But I tell you that story as a precursor to this one. Three years earlier, in the 5th grade, for all the students who achieved their point goals for the grading period, the teachers had planned a trip to the roller rink. That was the cool thing to do at the time, since none of us could drive and really, even if we could, the most exciting thing to do was go to the truck stop and talk to other people who had nothing else to do.


But I digress. We went to the Skate-Away, as it was called. At least before it tragically burned down and left numerous disco-loving roller skaters without a place to boogie. I couldn't roller skate at the time, only roller blade, so I brought my own awesome black roller blades with purple snaps. I was so cool. I enjoyed my time thoroughly, rolling around while listening to the "DJ" (read 45-year-old divorcé, most likely still living at home with his parents) play Kool and the Gang's "Celebration" at least five times. Then it was time to leave.

This trip took place in the dreary days of December, with temperatures dipping low and a thick fog settling over everything. When we got onto the bus, we noticed the windows were all coated with condensation. I took my seat beside my then-friend Travis, a fragile little ginger with his orange hair cut into what looked like a speed skater helmet.

Travis had also noticed the condensation and saw others drawing faces or writing their names in it throughout the bus. We were seated a little more than halfway back in the bus, with the teachers at the front. Travis nudged me, looked over at the window, and said, "Bet you won't write the F word backwards on the window."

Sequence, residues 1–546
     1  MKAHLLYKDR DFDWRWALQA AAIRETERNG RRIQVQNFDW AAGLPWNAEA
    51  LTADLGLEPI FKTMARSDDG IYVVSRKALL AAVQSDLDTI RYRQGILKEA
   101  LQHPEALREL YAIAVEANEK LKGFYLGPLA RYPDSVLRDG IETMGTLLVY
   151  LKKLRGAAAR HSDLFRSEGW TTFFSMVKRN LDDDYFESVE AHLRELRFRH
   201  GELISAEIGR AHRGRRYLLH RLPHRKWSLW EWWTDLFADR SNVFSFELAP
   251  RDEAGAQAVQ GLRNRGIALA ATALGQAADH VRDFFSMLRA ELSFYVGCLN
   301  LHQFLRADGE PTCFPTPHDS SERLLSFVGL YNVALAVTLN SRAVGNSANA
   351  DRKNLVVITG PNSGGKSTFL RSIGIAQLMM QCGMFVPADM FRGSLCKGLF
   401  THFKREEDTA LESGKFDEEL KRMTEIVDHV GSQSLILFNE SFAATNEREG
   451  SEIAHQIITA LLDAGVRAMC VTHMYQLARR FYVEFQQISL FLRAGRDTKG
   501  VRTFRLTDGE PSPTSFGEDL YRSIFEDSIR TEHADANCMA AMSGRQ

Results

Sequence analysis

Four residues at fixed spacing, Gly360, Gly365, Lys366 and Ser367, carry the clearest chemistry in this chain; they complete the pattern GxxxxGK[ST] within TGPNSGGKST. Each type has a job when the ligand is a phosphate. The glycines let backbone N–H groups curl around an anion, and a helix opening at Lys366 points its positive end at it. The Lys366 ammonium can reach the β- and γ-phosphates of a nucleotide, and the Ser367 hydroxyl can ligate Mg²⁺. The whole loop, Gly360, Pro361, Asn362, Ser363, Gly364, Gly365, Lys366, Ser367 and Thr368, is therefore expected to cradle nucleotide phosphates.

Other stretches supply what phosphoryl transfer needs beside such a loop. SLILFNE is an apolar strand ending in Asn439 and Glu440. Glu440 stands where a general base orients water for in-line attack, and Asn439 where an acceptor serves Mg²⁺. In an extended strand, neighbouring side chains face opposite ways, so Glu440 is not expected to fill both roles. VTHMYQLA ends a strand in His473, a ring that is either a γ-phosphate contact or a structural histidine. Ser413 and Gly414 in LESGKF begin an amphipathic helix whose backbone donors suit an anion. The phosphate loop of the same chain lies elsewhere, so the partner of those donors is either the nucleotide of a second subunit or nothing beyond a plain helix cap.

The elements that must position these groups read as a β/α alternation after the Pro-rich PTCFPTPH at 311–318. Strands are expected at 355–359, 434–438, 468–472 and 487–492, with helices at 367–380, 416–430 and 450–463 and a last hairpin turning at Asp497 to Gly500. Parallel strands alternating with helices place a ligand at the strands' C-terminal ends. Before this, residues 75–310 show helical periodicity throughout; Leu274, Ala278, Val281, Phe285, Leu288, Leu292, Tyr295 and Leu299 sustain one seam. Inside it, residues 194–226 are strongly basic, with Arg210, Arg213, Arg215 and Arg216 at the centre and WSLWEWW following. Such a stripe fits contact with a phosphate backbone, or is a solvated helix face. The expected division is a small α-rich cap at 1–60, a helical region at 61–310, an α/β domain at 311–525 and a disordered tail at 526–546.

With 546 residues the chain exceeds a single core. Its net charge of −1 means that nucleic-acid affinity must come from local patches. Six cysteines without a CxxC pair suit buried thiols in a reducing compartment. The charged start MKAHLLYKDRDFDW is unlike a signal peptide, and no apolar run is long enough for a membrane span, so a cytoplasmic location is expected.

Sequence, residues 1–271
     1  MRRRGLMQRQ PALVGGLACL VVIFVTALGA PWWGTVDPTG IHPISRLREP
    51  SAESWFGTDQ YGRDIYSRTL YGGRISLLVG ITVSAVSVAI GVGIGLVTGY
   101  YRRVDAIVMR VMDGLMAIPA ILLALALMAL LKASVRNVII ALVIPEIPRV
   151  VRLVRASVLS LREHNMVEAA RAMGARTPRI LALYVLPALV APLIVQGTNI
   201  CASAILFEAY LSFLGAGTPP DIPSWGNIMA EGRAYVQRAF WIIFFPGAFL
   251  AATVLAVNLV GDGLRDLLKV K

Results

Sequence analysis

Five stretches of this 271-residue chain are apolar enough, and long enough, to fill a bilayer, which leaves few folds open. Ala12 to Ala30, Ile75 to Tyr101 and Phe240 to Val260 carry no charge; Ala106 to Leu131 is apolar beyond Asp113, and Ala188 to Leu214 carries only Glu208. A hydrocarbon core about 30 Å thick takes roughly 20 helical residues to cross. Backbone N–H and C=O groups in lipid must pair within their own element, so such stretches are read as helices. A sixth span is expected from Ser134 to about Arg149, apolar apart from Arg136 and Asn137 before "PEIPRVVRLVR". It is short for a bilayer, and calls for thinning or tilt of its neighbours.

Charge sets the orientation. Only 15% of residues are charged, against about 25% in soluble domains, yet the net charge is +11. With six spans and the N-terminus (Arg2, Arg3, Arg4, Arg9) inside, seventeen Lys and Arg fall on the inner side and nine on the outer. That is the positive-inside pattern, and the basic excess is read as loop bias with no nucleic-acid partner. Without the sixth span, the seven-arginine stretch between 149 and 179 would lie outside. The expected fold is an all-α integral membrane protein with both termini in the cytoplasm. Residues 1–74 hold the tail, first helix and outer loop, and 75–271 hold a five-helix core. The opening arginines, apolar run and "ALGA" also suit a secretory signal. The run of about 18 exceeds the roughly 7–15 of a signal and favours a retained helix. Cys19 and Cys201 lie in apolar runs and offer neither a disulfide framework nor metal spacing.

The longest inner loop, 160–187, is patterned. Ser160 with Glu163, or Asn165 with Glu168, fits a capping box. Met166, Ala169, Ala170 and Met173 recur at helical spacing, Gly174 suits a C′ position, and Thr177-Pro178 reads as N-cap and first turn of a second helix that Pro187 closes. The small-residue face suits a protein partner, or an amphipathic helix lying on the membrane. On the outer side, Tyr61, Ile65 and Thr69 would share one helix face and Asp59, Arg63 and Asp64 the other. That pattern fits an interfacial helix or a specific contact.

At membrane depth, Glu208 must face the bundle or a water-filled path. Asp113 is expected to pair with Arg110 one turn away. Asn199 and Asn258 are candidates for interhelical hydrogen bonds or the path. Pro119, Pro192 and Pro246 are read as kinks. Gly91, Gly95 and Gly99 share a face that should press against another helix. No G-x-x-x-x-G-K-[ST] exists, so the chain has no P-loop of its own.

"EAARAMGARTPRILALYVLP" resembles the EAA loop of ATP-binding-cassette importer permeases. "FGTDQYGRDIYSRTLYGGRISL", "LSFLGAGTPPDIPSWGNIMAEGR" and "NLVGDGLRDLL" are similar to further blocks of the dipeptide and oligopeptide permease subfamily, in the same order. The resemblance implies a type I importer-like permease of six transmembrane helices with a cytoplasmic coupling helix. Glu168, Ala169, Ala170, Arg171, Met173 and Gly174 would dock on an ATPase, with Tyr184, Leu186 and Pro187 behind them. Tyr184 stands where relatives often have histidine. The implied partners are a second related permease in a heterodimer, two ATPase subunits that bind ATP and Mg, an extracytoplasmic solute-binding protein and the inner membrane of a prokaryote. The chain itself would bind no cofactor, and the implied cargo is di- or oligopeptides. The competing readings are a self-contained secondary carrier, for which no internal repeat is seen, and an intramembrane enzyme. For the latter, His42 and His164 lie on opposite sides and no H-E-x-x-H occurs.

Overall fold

This was make or break time. Travis wasn't very high on the social ladder, but hell, neither was I. I had two choices: wimp out and tell him I didn't want to get in trouble, or do it and live in infamy.

I chose the latter. 

I made it probably 3/4s of the way through the backward C when I was interrupted by my name being shrieked out of the mouth of one of the teacher's assistants. The entire bus turned at once to gawk at me. 

Turning my head slowly, finger still on the glass, my eyes met hers. Her expression told me exactly what her mouth did not say: get rid of it. I quickly wiped the window with my sleeve and all evidence of my crime was gone. I crossed my arms and brooded the rest of the ride home, half annoyed that I got caught, and 75% terrified of the punishment I would receive. 

Yes, I was 125% ed.

We got back to school and my teacher told me that I needed to go to the principal's office immediately. 

Dr. Pate was a terrifying man: 6'5"; broad shouldered; skin made of leather; deep, booming voice. The mere thought of having to stand in front of him made me pee a little. I got to his office and found him sitting behind the desk. Before he could even get out a syllable, the water works started. Tears poured forth from my eyes like rain from angry clouds, and were controlled about as easily. He glanced up from his work, looked perturbed, and asked what I did. A jarbled mess of words and snot came out, but I think I got the basics across. He looked at me with a bit of a smirk and asked, "Did the devil make you do it?" Travis did somewhat resemble the devil in my mind, so I nodded yes and wiped my nose on my sleeve. He excused me from his office and sent me back to my teacher's classroom. 

When my sister came down to pick me up and take me home, my teacher met her at the door and explained what had happened. I was still crying, and furiously scribbling "I will never do bad things again," repeatedly onto a tear soaked sheet of paper. My sister asked if that was the punishment the principal had given me and my teacher shook her head. There had been no punishment. I was punishing myself. 

I was such a badass.